Our site has a new friend who is a professional real estate consultant. She has agreed to share her tips on navigating the terms on your lease.
Signing on the dotted line… What your lease really means
By Lori Snider, Principal, Creativity for Rent and Marketing Expert
Congratulations! Your search was successful and you’ve found an apartment that fits your needs perfectly. Now it is time to sign the lease.
The lease is a binding contract between you and the apartment owner/manager. It might be a one page agreement, or 15 with addendums, and can appear, at first glance, to be pretty intimidating. Keep the following tips in mind as you navigate the lease paperwork.
1. First, plan a time, before your actual moving day, when you can sit down with the management company/landlord to review the lease paperwork together. Completing the paperwork while your rental truck, (filled with the friends you bribed to help you move), is parked outside will likely result in you rushing through and signing a document you don’t fully understand. Take the time when you have the time. Move-in day is busy enough. All you should have to do that day is pick up the keys and pay your rent.
2. Understand your lease term and lease break obligations. Your lease will clearly state start and end dates. Generally this time frame will be 6 to 12 months, but leases of any length are not uncommon. The day your lease ends is the day, that if you give notice, the management company will expect you to leave. You are responsible for the apartment rent for the term of the contract. If, for example, your roommate runs off with her boyfriend and you decide to break your lease 2 months before it expires, you both are still responsible for the rent until the day another renter is accepted and takes possession of the unit. Even then, many companies charge a lease break fee that can be up to 3 months rent, in addition to other charges. If you feel uncomfortable signing a one year agreement, ask the management company to provide you with a 9 or 10 month lease. Depending on market conditions, they may be flexible in this regard. That way, if you think you may relocate for a job or other reasons, you will be able to fulfill your obligation. Also understand that regardless of how compelling or heart wrenching your reasoning for breaking your lease, most companies/landlords will not just let you out.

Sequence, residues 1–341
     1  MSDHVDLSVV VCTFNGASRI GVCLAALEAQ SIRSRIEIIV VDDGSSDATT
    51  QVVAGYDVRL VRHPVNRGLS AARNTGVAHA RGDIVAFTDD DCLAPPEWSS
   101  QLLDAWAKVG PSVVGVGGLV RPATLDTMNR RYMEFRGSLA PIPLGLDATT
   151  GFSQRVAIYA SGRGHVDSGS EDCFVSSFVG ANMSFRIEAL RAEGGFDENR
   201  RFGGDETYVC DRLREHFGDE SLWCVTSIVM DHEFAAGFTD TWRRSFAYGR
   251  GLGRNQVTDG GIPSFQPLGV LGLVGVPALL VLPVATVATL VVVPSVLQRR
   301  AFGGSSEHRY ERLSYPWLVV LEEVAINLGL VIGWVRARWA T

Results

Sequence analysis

3. Make sure you understand how much notice you need to give if you intend on moving at the end of your lease. Most professional companies require a 30 to 60 day written notice of your intent to move. Casually mentioning to the management company/landlord that you will be leaving has resulted in many a surprised resident when they learn they are responsible for the rent for an additional 30 days beyond the day they turn in keys. Written notice is documented. Verbal notice is not. The management company, when notified of intent to vacate in writing, will commence to lease your apartment within 5 to 7 days after you move out. This gives them time to clean and make repairs and ensures the apartment is vacant (and not making any money) for the shortest amount of time. Many a renter have been burned by telling an incompetent manager they are moving, and assuming the manager would document it. Don’t get stuck. Pick up a pen and give notice. Good management companies will notify you 60 to 90 days before your lease expires with renewal options and rates.
4. Additional Charges. Make sure you understand charges incurred for lost keys or remotes, after hours lock out service, and late rent payment. Your rent will most likely be due on the first of the month. Some companies provide a grace period of two to three days. This does not mean your rent is due on the third. It is due on the first. Pay it on the first or risk late charges. Your lease will clearly explain what those charges will be.
5. Do not minimize the importance of renter’s insurance. When you reside in an apartment, you are generally in close proximity to other people. While you may consider yourself to be an extremely responsible person, others in your building may not be. If there is a fire or a flood or other damaging occurrence, remember this: The owner/management company is responsible to replace the walls, carpet, fixtures, etc. You are responsible for your things. All of them. If your plasma TV is destroyed by smoke from a fire in an upstairs apartment, you are responsible for it. That is why it is important to purchase a renter’s insurance policy. It will cost approximately $10 to $20 per month and should an unforeseen event occur, your things will be covered. You probably have more stuff than you think you do and it would be very expensive to replace it all. You will most likely be required to initial that you understand this risk, and many landlords now require that you provide proof of insurance to them.
6. Do not hesitate to ask questions regarding provisions of the lease you don’t understand. A well trained professional will thoroughly explain lease provisions and ensure you have a sound understanding of your obligation to the agreement.
You can contact Lori at [email protected]